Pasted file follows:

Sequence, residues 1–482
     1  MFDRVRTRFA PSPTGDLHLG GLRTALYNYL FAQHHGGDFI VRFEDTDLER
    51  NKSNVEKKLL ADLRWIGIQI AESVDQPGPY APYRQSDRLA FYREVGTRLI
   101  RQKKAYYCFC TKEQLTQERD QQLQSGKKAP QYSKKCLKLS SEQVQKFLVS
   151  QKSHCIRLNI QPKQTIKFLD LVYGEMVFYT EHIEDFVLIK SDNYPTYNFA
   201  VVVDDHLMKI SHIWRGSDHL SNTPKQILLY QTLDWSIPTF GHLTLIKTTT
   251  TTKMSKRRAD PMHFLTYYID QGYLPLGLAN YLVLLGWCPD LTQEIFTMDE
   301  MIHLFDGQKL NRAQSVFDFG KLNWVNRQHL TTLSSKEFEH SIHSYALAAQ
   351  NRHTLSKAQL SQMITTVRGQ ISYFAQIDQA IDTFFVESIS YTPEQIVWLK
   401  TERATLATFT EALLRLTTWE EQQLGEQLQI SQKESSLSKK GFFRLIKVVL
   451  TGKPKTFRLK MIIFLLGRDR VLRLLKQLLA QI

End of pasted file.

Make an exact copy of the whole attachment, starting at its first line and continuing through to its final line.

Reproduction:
Sequence, residues 1–482
     1  MFDRVRTRFA PSPTGDLHLG GLRTALYNYL FAQHHGGDFI VRFEDTDLER
    51  NKSNVEKKLL ADLRWIGIQI AESVDQPGPY APYRQSDRLA FYREVGTRLI
   101  RQKKAYYCFC TKEQLTQERD QQLQSGKKAP QYSKKCLKLS SEQVQKFLVS
   151  QKSHCIRLNI QPKQTIKFLD LVYGEMVFYT EHIEDFVLIK SDNYPTYNFA
   201  VVVDDHLMKI SHIWRGSDHL SNTPKQILLY QTLDWSIPTF GHLTLIKTTT
   251  TTKMSKRRAD PMHFLTYYID QGYLPLGLAN YLVLLGWCPD LTQEIFTMDE
   301  MIHLFDGQKL NRAQSVFDFG KLNWVNRQHL TTLSSKEFEH SIHSYALAAQ
   351  NRHTLSKAQL SQMITTVRGQ ISYFAQIDQA IDTFFVESIS YTPEQIVWLK
   401  TERATLATFT EALLRLTTWE EQQLGEQLQI SQKESSLSKK GFFRLIKVVL
   451  TGKPKTFRLK MIIFLLGRDR VLRLLKQLLA QI